SINGAPORE, (Reuters) – Saudi Aramco, a major fuel oil exporter to East Asia, has imported its first-ever cargoes of the residual fuel, taking a total of around 160,000 tonne for August and September deliveries, to meet peak summer utility demand amid a depressed global market, traders said on Friday.
The two 380-centistoke (cst) cargoes, for delivery to Rabigh, by the Red Sea, were sold from Europe by a Western trader at a discount of around $15 a tonne to Singapore spot quotes, on a cost-and-freight (C&F) basis.
“This is the first time ever that Aramco has actually bought fuel oil. It’s a case of optimisation — the market has been poor and they have cut back on their own production due to depressed prices in the face of peak summer demand,” a
Singapore-based Middle East trader said.
“It’s cheap to buy but bad to sell. They are still producing fuel oil but the volumes are not enough for domestic consumption so it makes sense, at this time, for them go out to the market and buy.”
Both parcels, for second-half August and second-half September delivery are of unusually low-metals content and of maximum 3.5 percent sulphur.
Aramco had also called off plans to export two September-loading cargoes, totaling 160,000-200,000 tonnes, from its Ras Tanura and Jubail refineries.
Traders said the refiner was producing less cracked fuel oil via secondary units and could instead sell feedstocks such as straight-run fuel oil, which fetch better prices. “The Saudi refineries are quite sophisticated and they have that flexibility to tinker with the configuration without impacting on their overall yield volumes,” another source said. “They can also sell the feedstocks, though I have not actually seen any of them hitting the market as yet.”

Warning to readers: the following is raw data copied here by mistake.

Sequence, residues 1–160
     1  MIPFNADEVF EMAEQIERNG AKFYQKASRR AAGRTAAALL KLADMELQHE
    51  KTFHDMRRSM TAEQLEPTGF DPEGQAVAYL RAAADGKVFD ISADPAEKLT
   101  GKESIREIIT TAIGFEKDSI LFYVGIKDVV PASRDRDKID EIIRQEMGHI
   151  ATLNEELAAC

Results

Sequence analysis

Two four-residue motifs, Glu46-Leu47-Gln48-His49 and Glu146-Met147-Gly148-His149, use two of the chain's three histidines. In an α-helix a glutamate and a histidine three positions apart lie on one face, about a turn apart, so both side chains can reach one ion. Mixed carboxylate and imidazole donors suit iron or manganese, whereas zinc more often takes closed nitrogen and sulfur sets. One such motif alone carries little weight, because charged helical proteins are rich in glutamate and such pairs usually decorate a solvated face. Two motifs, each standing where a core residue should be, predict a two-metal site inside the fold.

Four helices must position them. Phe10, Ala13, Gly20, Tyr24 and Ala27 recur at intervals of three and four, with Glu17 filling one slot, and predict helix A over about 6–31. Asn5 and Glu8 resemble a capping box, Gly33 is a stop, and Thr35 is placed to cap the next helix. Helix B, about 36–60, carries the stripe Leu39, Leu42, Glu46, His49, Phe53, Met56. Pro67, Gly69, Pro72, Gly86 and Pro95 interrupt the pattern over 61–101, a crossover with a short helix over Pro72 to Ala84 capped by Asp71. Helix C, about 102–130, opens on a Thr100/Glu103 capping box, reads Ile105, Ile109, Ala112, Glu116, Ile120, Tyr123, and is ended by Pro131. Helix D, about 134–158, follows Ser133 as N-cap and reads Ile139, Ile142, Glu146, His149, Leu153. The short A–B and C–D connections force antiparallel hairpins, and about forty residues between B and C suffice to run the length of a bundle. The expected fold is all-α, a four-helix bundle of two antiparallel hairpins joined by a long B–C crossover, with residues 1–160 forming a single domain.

The oil giant is the largest Middle East fuel oil supplier into East Asia, exporting 600,000-800,000 tonnes each month from three plants — in Yanbu, Jubail and Ras Tanura – during the first-half of the year.
Exports normally fall in the third quarter when electricity demand peaks during the sweltering summer season.
The unexpected demand for fuel oil is in line with increased demand for oil products, mainly gas oil and gasoline, from the Middle East, particularly among other oil-rich countries such as the United Arab Emirates and Qatar.
The region has become a crucial swing buyer, spurred by swift economic growth and a construction boom, and its growing fuel import volumes are starting to impact on the market’s demand-supply dynamics.
Aramco last exported a spot 380-cst fuel oil lot, for Aug. 21-31 loading from Jubail, to a Middle East trader at a steep discount of $18 a tonne to Singapore spot quotes, on a free-on-board (FOB) basis. This was well below the $9-$10 discount for its term deal for the first-half of the year.
The main fuel oil markets in Asia and Europe have been saddled by swelling supplies since June as European refineries cranked up production, after returning from maintenance, to yield higher gasoline volumes during the summer driving season.
More than 10 million tonnes of Western cargoes have found their way to East Asia during the June-August period, plunging the market into record-low discounts.
Differentials for the benchmark 180-cst grade had been at all-time low discounts of below $10 a tonne since Aug. 11 and closed at a record-low of $14.13 on Thursday.
The product’s front-month crack spread had also sunk to all-time lows, hovering at minus $16-$19 a barrel for more than three weeks, well below the previous record of around minus $13.80.